alan: i still remember all those nightmares. all the ones we wrote down. i remember us waking up, restless, the memory of the dream still fresh in our mind. your parents start stalking you again and then drag you home forcibly. your parents grow to ten times their size and start passing you around. your siblings cry and scream while you’re watching them behind a glass pane, trying to remain cold and unfeeling.

alan: so many nightmares.

cj: nightmares, alone, i could’ve handled. i mean, i dealt with those kinds of nightmares too, the first time i ran away from home.

dan: but the problem is that it wasn’t just nightmares. oh no.

dan: that gap year, you were alone. you moved to a new city, and you lived alone. you didn’t go to school, you worked remotely, you didn’t interact with anyone on a daily basis, and you were alone. you stayed in your room for hours, feeling loneliness creep up your spine.

cj: well, that’s not quite true. i moved to qc because i wanted to be near my friends who went to college there. and i was. and i visited them regularly—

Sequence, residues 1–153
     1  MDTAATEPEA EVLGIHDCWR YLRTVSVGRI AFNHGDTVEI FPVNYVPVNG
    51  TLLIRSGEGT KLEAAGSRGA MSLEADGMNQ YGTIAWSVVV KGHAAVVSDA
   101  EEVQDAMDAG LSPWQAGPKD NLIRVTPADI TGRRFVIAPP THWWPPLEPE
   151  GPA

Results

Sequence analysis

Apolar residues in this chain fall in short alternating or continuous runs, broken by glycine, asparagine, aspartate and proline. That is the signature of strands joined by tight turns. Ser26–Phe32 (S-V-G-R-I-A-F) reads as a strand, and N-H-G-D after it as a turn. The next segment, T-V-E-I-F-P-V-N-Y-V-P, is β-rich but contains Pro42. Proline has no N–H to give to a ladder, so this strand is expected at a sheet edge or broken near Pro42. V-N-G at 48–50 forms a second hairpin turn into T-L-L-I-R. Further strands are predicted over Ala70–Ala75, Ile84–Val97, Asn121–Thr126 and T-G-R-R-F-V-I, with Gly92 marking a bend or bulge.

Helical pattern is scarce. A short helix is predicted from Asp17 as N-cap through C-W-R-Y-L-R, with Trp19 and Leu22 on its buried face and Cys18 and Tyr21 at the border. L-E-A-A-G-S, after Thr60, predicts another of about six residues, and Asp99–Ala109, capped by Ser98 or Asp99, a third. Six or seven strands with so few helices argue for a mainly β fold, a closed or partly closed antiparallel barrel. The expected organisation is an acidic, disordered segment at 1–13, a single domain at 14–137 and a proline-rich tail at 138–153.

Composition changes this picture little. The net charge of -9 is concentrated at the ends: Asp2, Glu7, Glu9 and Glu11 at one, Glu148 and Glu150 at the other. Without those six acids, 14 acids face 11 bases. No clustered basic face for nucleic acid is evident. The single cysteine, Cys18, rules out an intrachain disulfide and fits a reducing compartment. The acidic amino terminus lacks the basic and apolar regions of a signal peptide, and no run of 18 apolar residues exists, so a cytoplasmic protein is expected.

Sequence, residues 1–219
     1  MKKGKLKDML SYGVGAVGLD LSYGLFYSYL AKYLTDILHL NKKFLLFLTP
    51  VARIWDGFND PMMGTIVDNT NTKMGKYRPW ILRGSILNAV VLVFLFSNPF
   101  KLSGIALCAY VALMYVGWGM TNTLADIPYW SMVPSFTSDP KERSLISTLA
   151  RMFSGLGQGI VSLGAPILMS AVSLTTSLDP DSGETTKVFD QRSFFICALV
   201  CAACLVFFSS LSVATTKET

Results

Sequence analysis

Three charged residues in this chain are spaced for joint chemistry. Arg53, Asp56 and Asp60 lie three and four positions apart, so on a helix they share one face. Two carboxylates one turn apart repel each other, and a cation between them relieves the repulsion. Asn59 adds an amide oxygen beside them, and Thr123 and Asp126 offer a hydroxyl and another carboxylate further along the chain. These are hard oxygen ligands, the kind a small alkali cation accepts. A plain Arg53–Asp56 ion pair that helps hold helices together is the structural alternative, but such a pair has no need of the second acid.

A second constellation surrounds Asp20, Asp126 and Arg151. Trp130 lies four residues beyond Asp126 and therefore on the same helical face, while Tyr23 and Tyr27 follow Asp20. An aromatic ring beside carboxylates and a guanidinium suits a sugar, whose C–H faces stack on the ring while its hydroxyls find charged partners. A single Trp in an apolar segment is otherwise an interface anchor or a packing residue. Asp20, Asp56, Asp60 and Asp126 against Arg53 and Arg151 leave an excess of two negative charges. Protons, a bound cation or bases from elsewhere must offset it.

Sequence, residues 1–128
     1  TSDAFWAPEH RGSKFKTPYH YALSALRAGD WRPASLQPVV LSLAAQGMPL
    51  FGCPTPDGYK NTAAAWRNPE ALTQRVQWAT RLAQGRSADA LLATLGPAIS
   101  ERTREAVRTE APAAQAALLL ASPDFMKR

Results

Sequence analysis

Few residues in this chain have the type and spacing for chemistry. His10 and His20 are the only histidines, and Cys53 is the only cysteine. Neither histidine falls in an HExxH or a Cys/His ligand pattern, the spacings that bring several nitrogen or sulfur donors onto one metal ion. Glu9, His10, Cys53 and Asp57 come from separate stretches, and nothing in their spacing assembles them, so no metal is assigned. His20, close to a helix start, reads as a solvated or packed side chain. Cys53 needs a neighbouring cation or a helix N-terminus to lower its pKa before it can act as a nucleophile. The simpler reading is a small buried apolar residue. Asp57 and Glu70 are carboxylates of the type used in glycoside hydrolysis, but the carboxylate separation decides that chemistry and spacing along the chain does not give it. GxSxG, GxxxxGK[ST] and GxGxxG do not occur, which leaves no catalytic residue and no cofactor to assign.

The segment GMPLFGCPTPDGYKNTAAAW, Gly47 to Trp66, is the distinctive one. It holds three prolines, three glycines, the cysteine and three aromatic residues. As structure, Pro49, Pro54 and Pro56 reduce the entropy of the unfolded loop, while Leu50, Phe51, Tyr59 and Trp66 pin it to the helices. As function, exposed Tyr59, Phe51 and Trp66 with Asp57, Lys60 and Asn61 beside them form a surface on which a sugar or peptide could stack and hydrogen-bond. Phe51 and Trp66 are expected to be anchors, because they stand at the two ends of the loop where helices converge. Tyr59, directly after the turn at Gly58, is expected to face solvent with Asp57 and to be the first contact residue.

dan: but!

dan: they were always too busy for you.


cj: …that’s.

cj: that’s not quite true.

cj: right?

alan: i dunno, he’s got a point.

cj: i mean.

cj: i made friends that year, good friends. ones i’ve kept even now that that they’re on the other side of the world.

alan: really? do you really believe that you’ve kept them?

alan: when’s the last time you talked to them? like, really talked?


cj: …okay. well, at the time, we were good friends.

dan: please. admit it: you were friends only because of the alcohol. everyone’s friendly when you’re under the influence.

cj: that’s not—

dan: no, look! you turned eighteen. you’re all excited to get out and start drinking alcohol now that you’re of age, right? you go to bars, you talk to people, and at first, you’re just drinking with them, and it’s all fun.

dan: but then you started going alone. friday nights spent walking to pop up and finishing two bottles of beer, while flipping through old messages on your phone. you’re drinking alone, but you promised yourself that it’d be just this once.

alan: well, was it?


dan: and even when you weren’t alone, well. try to remember, cj. think about all the times you spent hanging out with people during your gap year. when was there not alcohol involved?

cj: well—

alan: i can’t think of any.

cj: there were a handful of times—

dan: just a handful. the overwhelming majority? you were drunk. self-medicating away your depression, because you didn’t want to hear me talk to you. because the alcohol made my voice quieter.